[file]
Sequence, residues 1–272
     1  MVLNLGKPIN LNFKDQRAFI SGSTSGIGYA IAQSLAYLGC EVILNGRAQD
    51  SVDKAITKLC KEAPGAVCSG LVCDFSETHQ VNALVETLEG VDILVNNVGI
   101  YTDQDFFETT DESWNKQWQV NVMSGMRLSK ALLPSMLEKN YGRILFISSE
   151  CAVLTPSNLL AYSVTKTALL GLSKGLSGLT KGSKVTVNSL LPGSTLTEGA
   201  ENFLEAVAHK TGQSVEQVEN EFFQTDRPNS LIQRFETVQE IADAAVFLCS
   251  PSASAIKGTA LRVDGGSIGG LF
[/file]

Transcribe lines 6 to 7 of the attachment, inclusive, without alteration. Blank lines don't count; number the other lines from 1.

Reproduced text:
   201  ENFLEAVAHK TGQSVEQVEN EFFQTDRPNS LIQRFETVQE IADAAVFLCS
   251  PSASAIKGTA LRVDGGSIGG LF